six women seated on stageNearly 200 organizations representing medical, health care and public and environmental health professionals, including APHA, have so far endorsed the 2019 U.S. Call to Action on Climate Change, Health and Equity: A Policy Agenda.

It challenges government, business, civil society and the health sector to recognize climate change as a public health emergency and to act now for climate, health and equity. 

“Being health professionals, it’s important for us to realize that our planet is our patient, and it’s in the intensive care unit. We’re doctors to a dying planet and we have a job to do,” said Helen Caldicott, MD, keynote speaker at yesterday’s Physicians for Social Responsibility Visionary Leaders Symposium in Washington, D.C. 

A PSR founder and former president, anti-nuclear activist, author and pediatrician from Australia, Caldicott has spent her life educating world leaders and the public about the medical hazards of the nuclear age. She urged those gathered at the Ronald Reagan Building for the symposium to “stop being polite and speak the truth loudly and clearly” about the need for action on climate change. As one of the drafters of the U.S. Call to Action, PSR is using it to mobilize and give voice to more health professionals.

It advocates for policies that promote a just transition to clean, safe renewable energy and energy efficiency; sustainable food production and diets; clean water; active transportation; and green cities. Such policies can lower climate pollution, reduce the incidence of communicable and non-communicable disease, improve mental health and realize significant cost savings in health care. 

“I’m not being radical. I’m being a physician,” Caldicott said as she stressed the urgency of the situation; challenged attendees to question the role of politicians, corporations and the military in the production of greenhouse gases; and told everyone to contact members of Congress. “If you don’t use your democracy, they’ll swoop in and use it for you — for their own political and financial gain,” she said.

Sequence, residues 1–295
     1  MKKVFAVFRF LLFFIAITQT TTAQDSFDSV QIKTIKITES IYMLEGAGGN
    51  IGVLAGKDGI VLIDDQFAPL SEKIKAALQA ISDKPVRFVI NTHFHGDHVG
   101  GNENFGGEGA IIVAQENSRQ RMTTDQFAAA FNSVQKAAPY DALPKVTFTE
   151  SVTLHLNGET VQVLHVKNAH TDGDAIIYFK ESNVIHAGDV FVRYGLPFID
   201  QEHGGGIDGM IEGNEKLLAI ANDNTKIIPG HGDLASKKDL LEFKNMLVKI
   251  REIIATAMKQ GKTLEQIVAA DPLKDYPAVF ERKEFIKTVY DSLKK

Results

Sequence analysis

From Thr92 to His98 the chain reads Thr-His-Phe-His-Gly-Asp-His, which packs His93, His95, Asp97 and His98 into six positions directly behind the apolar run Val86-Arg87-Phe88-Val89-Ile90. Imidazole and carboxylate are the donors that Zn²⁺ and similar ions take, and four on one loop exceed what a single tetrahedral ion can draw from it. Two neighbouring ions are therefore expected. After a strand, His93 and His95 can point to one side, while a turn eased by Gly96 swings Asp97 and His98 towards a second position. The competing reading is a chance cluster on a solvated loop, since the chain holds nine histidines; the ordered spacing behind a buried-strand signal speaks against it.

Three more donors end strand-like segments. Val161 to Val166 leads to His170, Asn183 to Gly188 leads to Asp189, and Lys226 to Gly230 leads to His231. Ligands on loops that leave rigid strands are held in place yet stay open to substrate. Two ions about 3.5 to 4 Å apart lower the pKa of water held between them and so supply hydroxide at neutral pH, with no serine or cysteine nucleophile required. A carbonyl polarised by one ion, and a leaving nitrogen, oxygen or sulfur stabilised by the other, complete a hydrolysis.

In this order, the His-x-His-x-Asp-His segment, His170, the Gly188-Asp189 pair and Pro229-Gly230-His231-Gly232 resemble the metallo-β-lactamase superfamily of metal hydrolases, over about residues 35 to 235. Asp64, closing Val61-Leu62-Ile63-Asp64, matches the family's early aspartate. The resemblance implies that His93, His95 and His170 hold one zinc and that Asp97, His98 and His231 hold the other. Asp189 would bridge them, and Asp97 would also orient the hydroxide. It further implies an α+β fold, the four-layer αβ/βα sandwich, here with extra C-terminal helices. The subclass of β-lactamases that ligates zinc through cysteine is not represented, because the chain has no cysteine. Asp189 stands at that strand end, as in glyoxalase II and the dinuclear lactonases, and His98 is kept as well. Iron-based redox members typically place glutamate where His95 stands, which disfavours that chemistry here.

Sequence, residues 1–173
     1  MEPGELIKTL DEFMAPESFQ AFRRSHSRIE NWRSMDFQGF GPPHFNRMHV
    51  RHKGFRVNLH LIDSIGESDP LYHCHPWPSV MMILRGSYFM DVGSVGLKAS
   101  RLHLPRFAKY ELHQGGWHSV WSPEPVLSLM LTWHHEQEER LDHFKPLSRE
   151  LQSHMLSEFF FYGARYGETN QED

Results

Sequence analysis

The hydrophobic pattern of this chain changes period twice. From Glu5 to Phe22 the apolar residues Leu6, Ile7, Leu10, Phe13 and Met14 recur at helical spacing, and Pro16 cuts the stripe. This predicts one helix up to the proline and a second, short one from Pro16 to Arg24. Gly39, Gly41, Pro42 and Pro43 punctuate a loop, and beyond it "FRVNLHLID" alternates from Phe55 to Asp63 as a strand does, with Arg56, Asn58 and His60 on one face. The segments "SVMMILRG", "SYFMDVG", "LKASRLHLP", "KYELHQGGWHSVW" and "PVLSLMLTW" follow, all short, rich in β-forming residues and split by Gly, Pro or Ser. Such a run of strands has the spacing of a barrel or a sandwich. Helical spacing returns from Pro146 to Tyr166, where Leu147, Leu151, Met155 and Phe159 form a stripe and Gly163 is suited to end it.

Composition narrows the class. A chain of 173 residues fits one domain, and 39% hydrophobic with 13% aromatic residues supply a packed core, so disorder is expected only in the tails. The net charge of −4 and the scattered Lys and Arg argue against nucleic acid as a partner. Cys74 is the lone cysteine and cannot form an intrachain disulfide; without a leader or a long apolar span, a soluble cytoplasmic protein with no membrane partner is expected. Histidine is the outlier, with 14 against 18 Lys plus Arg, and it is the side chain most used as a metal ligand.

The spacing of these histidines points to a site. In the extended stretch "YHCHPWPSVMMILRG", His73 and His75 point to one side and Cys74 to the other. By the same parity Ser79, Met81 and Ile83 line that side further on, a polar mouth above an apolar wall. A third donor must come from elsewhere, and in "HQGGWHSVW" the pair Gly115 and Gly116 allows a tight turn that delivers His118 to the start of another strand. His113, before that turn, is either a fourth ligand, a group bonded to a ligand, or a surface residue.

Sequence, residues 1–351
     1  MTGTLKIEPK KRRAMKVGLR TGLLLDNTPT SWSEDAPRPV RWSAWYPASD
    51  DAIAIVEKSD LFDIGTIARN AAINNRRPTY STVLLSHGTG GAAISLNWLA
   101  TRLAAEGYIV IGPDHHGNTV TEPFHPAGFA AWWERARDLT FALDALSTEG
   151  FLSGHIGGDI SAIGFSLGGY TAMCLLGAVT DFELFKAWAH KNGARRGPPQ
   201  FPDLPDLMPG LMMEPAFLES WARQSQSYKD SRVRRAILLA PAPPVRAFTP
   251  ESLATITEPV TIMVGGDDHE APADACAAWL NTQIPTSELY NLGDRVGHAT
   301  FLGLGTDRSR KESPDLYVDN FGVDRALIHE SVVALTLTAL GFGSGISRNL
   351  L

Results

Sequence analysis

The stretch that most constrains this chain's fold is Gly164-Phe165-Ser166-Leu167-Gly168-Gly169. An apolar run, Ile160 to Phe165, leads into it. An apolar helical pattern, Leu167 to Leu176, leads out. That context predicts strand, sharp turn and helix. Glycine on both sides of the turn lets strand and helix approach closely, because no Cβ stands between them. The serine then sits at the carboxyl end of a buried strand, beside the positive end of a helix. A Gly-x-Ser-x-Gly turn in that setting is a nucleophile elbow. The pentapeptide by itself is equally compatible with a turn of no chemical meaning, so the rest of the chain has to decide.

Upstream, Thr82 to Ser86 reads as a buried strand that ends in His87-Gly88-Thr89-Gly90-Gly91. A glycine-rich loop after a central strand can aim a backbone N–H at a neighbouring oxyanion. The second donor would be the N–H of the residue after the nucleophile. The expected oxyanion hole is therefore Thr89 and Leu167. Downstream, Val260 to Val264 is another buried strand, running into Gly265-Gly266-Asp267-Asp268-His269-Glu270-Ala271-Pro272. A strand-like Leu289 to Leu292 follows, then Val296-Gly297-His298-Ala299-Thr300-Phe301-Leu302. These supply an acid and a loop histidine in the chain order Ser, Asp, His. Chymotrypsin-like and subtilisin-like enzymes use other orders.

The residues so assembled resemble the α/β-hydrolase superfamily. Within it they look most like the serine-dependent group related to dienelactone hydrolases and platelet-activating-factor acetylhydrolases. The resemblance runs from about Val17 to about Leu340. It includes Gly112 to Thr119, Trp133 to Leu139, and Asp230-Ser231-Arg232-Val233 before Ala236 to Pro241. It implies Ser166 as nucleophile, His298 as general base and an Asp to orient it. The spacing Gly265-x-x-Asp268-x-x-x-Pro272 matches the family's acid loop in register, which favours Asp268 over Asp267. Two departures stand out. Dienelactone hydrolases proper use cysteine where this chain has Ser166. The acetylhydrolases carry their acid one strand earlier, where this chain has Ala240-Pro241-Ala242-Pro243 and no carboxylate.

The U.S. Call to Action urges the health sector itself to reduce greenhouse gas emissions and — as a trusted voice — to effectively communicate the health threats of climate change and the health benefits of climate action. The symposium focused specifically on the role of women in the climate, health and equity movement and the importance of economic justice for the most vulnerable communities.

Heidi Hutner, PhD, a filmmaker, writer and professor at Stony Brook University, moderated an expert panel of women advocates discussing the health hazards of and solutions to nuclear power and climate change. Hutner opened the program with a trailer of her upcoming documentary about the women of Three Mile Island and, along with the other participants, questioned nuclear power as the answer for a just transition to clean energy.

Panel consensus was that highlighting the human side of the issue — within a larger social justice frame that includes women, people of color and the communities most affected — will help people “own the power they already have” to make change happen "one relationship at time." 

Following the symposium, at the 2019 Visionary Leadership Awards, PSR presented Caldicott with a Lifetime Achievement Award for her work. It also recognized other individuals and organizations for their efforts in advancing nuclear weapons abolition and addressing environmental risks to human health, including the consequences of climate change.

Photo (left to right): Panelists Kelly Campbell, executive director of Oregon PSR; Lindsay Harper, executive director of Georgia WAND Education Fund, Inc.; Catherine Killough, advocacy and leadership coordinator at Women Cross DMZ; Jacqueline Patterson, director of the NAACP's Environmental and Climate Justice Program; moderator Heidi Hutner, filmmaker and professor at Stony Brook University; and keynote speaker Helen Caldicott, former PSR president, anti-nuclear activist and pediatrician.